By Bill McKibben
It’s rare, by the time you reach your fifties, to feel an entirely new physical sensation—it’s been many decades since we took our first swim and felt the way water pulled against our limbs. We’ve flown on jets so often that we no longer feel the push of acceleration down the runway (and we pull down the window-shade so we can watch the movie—how jaded is that?)
So, I wasn’t really expecting anything that remarkable the first time I climbed on an Elliptigo bike. It was at the crowded start of May’s New York Five Boro Bike Tour, which my wife had wanted to ride for years.
We’d been planning the ride for nearly 12 months but last fall I was diagnosed with a pair of herniate discs in my neck. They made the bicycling crouch painful and it’s unclear when, if ever, I’ll be back to drop handlebars. Searching for a solution online, I came across the Ellliptigo—which at $2500 seemed an expensive solution. But I could rent it in New York for a hundred bucks a day.
So I decided to try the vaguely insectoid-looking machine for the 40-mile ride—an easy, cheek-by-jowl pedal with 38,000 bicycles on the crowded streets of New York. The Elliptigo was, I’d been assured, easy to ride: just like an elliptical machine from the gym, but with wheels.
But it wasn’t anything like that. Instead it was like…flying. There’s a swoop to it; you seem to be running, but you’re quickly moving twice as fast as a runner can go. The world goes by gigglingly fast, as if you’d taken some benign drug that screwed up your perception of time. And of space, as well. I’ve spent my whole adult life being 6 feet 2 inches, which is fairly high off the ground—but at the top of the pedal stroke on the Elliptigo I was more than 7 feet tall, which meant I was looking out on the world like Wilt or Kareem. In New York I could see miles ahead, over top of all the hunched bicyclists.
The 40 miles passed easy and pain-free, but I’d never had enough open road to really push hard, and the stiffest climb was up the Verrazano Narrows Bridge.
I wanted to try more. Since it was hard to tell if it would translate to the Addison County landscape, with its long windswept valley rides and its classic mountain gap rides, I borrowed one from the California-based company for a week, and put it through its paces in the Greens.
Nicole Blood, the Saratoga-based company rep, packed the 40-pound lime-green loaner in her Honda CRV car (the handlebars and stem remove easily from the rest of the frame) and brought it to Vermont. Blood is a former world-class 5k runner who exemplifies one of the machine’s key user groups: top-notch athletes who need to train through injury, or simply want more miles without the pounding impact of running. “You don’t need to be hurt to use it, though” she said, as we pedaled (there’s no good verb—were we ‘ellipticizing’?) through the covered bridge at Salisbury swamp. Pros like Meb Keflezighi use them to avoid injury as they ramp up training—Meb was on his almost every training day before he won the 2014 Boston Marathon, the first American to do so in a generation.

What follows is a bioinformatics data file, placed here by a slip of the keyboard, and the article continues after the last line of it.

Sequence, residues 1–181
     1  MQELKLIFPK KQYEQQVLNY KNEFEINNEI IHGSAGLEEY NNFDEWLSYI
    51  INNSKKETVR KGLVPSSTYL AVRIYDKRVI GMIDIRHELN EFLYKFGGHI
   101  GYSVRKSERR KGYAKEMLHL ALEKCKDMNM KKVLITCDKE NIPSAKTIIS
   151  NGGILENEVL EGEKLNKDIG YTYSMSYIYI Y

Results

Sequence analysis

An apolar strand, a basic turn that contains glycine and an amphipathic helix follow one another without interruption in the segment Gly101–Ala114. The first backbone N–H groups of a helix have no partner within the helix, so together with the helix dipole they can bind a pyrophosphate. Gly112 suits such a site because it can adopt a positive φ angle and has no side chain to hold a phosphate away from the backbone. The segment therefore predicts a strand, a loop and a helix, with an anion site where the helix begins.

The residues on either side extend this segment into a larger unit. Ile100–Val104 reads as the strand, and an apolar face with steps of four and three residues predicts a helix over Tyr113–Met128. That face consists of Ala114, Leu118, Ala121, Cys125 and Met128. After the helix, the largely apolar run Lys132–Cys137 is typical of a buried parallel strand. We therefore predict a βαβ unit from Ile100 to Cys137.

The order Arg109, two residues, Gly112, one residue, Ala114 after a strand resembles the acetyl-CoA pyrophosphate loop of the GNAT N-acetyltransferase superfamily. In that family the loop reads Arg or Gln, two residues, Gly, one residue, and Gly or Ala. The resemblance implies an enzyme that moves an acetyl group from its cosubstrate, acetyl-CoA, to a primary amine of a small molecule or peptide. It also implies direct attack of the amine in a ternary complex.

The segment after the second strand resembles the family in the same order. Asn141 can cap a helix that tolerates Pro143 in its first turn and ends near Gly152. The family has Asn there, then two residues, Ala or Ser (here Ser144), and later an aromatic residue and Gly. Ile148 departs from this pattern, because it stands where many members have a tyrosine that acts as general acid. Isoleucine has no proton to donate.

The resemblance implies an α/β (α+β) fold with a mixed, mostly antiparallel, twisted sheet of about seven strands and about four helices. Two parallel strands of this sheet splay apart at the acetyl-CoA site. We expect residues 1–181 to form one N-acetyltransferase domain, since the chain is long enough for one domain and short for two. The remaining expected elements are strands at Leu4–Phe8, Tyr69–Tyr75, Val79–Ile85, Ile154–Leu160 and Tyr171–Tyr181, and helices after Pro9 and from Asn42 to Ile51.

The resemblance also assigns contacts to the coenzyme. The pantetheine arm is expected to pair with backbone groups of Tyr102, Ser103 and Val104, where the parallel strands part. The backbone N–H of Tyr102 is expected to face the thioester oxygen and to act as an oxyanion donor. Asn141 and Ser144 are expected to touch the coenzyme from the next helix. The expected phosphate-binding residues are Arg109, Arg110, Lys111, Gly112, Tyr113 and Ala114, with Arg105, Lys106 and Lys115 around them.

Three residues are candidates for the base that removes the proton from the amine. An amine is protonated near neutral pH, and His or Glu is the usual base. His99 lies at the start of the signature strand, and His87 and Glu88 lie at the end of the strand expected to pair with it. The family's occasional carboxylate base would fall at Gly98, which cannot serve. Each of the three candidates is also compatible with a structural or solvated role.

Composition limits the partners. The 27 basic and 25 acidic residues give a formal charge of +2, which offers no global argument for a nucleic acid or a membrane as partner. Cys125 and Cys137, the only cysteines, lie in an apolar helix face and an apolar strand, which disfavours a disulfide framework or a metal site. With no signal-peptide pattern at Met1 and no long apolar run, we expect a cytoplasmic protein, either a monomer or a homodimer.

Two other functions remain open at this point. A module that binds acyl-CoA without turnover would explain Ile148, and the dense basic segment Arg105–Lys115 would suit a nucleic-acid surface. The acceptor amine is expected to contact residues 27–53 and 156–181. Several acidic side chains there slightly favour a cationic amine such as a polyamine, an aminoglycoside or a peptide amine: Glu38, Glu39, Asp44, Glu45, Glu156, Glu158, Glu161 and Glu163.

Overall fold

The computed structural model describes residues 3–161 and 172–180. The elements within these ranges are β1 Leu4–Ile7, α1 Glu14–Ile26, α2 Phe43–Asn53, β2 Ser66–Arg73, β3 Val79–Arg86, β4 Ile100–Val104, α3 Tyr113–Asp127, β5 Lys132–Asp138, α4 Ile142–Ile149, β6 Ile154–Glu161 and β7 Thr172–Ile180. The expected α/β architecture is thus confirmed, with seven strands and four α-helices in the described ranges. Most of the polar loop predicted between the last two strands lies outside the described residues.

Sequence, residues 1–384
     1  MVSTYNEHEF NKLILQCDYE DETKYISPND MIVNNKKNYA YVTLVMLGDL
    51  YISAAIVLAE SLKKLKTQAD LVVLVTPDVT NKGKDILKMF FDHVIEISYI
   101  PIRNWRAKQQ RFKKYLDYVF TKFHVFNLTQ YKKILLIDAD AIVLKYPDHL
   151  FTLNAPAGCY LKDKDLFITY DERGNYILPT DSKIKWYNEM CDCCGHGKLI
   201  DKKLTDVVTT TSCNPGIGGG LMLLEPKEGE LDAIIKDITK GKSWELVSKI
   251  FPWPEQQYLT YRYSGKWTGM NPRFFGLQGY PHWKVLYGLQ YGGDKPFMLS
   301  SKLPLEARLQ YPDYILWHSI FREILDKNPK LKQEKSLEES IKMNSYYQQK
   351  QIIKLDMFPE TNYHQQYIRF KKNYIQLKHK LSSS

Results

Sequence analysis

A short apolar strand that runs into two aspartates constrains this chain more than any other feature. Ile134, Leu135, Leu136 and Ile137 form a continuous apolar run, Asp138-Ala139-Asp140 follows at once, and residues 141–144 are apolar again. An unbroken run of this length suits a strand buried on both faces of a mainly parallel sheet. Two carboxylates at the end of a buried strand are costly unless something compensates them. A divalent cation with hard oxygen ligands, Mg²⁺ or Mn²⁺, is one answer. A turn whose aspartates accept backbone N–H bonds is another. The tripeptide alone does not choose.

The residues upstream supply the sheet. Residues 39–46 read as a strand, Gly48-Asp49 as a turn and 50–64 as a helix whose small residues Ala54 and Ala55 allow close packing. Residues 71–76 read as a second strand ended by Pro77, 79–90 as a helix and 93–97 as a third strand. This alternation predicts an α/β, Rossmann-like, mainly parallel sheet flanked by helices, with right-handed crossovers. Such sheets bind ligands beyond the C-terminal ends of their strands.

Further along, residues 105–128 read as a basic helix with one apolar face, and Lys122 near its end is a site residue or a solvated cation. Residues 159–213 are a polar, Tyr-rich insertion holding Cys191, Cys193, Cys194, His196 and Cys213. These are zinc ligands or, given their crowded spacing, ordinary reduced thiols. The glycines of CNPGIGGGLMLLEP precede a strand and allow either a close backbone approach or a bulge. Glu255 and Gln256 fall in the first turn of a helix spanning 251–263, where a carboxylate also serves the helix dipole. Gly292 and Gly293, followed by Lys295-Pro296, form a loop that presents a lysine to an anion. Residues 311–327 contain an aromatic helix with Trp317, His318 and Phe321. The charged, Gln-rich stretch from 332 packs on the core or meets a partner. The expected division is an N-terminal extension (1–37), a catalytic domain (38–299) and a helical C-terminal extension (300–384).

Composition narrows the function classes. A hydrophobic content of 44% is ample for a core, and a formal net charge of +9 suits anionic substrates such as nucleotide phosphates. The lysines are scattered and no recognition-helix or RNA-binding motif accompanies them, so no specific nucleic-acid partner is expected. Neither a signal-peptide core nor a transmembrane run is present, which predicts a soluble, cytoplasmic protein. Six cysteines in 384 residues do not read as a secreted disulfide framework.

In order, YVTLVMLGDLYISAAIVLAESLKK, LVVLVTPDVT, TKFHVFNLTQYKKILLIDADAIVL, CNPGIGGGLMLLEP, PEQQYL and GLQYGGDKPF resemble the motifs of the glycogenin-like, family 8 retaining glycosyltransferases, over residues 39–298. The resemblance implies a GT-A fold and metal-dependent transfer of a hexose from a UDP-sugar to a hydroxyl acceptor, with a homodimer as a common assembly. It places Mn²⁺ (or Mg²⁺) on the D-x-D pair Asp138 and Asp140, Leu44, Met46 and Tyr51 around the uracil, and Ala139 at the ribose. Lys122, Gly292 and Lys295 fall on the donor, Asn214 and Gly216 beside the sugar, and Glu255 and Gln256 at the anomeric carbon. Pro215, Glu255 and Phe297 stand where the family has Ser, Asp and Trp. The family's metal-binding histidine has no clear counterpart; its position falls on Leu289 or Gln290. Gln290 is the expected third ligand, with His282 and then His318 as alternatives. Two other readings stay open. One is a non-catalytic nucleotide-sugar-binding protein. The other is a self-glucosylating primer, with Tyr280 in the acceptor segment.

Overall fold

I got a good Zone 1 workout riding the back roads of Weybridge and Vergennes, moving about the same pace as my wife does on a good road bike. You do catch the headwind because you’re so high—but you also see over the fences and hedgerows; its far more involving than biking, where I find myself staring at the road ahead. (I also felt more visible, which after the spring’s fatalities on Champlain Valley roads didn’t bother me).
Once I mastered the flats I decided to head for the hills. Even though the standard model has just 8 gears, it’s more than a match for the mountains—I climbed over Middlebury gap two days in a row and my legs didn’t feel shot afterwards.
The Elliptigo didn’t feel like a substitute for biking or running. It felt like its own slightly magical motion, efficient and—more important—engaging. I felt like I was walking on air.
Environmental activist and author, Bill McKibben is the founder of the climate action group 350.org and the Schumann Distinguished Scholar in Environmental Studies at Middlebury College. His many books include The End of Nature, Eaarth, Deep Economy and Long Distance, the story of how he trained with Olympic athletes to improve his cross-country skiing. McKibben lives in Ripton, Vt. and frequently rides around Addison County with his wife, Sue Halpern.